Neandertal DNA Affects Modern Ethnic Difference in Immune Response
Two studies may explain why people of African descent respond more strongly to infection, and are more prone to autoimmune diseases
DNA acquired from breeding with Neanderthals may explain why people of European descent respond differently to infection than those of African descent, two studies suggest. The findings might also offer insight into why people of African descent are more prone to autoimmune diseases caused by an overactive immune system.
In a paper published on October 20 in Cell, geneticist Luis Barreiro of the University of Montreal in Canada and his colleagues collected blood samples from 80 African Americans and 95 people of European descent. From each sample, they isolated a type of immune cell called macrophages, which engulf and destroy bacteria, and grew these cells in a dish. Next, they infected each culture with two types of bacteria and measured how the cells responded. Macrophages from African Americans, they found, killed the bacteria three times faster than those of European Americans.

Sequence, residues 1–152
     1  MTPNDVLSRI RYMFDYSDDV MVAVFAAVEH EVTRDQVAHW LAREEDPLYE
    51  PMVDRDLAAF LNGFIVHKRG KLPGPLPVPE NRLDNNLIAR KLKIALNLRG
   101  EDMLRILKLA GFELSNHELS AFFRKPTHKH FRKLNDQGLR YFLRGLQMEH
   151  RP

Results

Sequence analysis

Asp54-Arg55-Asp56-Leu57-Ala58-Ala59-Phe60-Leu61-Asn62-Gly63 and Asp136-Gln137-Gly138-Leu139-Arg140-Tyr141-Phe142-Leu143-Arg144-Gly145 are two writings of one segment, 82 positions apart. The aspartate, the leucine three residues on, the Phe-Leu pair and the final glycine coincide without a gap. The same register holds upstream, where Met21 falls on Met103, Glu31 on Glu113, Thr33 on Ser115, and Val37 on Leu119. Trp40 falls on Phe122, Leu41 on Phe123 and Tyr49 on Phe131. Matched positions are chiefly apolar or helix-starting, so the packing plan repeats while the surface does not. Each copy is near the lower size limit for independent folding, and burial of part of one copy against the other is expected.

The researchers then measured how gene expression changed in response to the infection. About 30% of the approximately 12,000 genes that they tested were expressed differently between the two groups, even before infection. And many of the genes whose activity changed the most during the immune reaction had sequences that were very similar between Europeans and Neanderthals, but not Africans.